"In addition to developing a web page and communications tool in partnership with ILSI Europe, AOCS Technical Services is ready to help industry and our constituency develop the analytical tools and resources needed to meet this global challenge," said Richard Cantrill, director of AOCS Technical Services and a participant in the ILSI workshop.
A web page available at www.aocs.org/tech/3_MCPD.cfm includes background information as well as an extensive reference list and the presentations from the ILSI Europe workshop. Also, the analysis of 3-MCPD esters will be discussed at the 100th AOCS Annual Meeting & Expo in a session on contaminant analysis scheduled for Tuesday, May 5, from 1:55 to 5:00 p.m., tentatively scheduled in Gatlin E4.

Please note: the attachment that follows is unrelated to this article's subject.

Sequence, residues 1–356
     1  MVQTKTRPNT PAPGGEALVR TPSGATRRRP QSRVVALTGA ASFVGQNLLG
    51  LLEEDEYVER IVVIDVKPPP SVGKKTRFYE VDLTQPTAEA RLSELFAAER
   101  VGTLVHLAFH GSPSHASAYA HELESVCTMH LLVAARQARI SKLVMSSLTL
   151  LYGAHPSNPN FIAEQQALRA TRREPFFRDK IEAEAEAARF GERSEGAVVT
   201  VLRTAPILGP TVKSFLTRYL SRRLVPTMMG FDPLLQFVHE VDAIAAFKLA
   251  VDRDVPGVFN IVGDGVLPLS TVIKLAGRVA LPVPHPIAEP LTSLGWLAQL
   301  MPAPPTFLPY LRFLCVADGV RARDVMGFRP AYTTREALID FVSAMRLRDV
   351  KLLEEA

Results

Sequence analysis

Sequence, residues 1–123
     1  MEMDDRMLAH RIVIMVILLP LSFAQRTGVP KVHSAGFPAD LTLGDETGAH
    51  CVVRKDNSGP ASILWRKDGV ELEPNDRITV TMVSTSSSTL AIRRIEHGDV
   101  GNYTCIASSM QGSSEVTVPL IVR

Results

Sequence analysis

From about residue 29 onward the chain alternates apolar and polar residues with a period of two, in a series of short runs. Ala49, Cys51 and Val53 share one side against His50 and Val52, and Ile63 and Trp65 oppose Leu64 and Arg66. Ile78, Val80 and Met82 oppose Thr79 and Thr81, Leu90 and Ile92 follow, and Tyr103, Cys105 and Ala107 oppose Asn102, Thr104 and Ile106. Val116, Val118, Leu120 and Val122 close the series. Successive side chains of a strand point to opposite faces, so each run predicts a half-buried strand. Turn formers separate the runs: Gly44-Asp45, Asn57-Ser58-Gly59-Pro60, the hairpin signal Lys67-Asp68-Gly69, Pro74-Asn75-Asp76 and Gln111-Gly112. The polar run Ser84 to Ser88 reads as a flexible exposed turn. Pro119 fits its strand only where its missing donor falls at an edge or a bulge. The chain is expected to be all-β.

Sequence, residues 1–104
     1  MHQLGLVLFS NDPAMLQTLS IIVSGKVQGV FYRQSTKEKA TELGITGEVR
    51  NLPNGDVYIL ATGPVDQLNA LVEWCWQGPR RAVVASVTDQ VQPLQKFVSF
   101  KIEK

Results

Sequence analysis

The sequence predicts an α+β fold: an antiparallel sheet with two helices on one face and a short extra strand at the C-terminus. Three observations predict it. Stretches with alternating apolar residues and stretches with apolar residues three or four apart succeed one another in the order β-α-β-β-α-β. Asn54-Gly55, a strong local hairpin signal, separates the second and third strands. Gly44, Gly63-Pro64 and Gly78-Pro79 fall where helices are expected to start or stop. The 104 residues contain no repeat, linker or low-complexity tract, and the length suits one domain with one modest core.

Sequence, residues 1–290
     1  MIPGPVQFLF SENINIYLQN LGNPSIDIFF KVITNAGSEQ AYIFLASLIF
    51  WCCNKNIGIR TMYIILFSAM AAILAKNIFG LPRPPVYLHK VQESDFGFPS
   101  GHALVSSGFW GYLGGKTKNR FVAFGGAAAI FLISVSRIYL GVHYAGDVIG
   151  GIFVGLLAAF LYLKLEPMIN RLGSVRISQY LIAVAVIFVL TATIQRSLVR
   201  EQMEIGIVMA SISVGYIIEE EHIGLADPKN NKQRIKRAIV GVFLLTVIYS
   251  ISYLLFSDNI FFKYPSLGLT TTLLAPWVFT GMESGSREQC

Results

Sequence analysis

AOCS has developed a web-based reference list with explanatory material on 3-MCPD esters. The information is available at www.aocs.org/tech/3_MCPD.cfm , and includes a link to the presentations made at the ILSI Europe workshop on 3-MCPD esters in food products held February 5-6, 2009, in Brussels.